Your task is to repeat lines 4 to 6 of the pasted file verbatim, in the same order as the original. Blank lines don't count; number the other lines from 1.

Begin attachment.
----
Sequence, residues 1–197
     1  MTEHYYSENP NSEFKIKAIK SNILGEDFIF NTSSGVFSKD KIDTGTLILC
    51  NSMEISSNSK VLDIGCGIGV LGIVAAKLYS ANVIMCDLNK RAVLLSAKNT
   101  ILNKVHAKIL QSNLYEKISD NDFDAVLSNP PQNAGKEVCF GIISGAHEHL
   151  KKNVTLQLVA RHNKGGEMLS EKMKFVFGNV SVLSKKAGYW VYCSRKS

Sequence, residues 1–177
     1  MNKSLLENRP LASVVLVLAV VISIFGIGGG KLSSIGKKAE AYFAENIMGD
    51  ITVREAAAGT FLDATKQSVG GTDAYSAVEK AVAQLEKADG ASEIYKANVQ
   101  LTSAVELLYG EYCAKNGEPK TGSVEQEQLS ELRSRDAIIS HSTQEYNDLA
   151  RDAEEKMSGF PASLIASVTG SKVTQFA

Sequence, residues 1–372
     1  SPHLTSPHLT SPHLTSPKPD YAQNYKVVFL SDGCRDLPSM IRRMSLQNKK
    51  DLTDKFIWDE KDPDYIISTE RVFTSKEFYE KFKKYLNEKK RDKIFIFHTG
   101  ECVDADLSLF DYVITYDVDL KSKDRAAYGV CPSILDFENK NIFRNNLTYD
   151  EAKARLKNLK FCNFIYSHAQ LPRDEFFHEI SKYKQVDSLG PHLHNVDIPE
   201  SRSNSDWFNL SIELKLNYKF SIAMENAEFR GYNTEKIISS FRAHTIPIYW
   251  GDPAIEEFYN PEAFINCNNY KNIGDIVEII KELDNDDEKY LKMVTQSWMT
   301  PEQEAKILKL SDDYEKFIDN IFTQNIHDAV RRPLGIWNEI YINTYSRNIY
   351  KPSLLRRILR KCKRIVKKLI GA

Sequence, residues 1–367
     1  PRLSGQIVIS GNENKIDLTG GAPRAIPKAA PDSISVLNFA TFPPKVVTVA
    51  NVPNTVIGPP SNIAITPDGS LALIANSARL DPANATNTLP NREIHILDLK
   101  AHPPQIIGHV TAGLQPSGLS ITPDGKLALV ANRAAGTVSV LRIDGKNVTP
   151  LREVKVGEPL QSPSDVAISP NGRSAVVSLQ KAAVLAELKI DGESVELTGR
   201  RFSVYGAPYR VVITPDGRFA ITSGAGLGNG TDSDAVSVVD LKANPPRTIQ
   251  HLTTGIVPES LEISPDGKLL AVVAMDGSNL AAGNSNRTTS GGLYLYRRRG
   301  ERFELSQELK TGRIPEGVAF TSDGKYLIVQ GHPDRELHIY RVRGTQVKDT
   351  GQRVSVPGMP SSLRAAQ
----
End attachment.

   101  ILNKVHAKIL QSNLYEKISD NDFDAVLSNP PQNAGKEVCF GIISGAHEHL
   151  KKNVTLQLVA RHNKGGEMLS EKMKFVFGNV SVLSKKAGYW VYCSRKS

Sequence, residues 1–177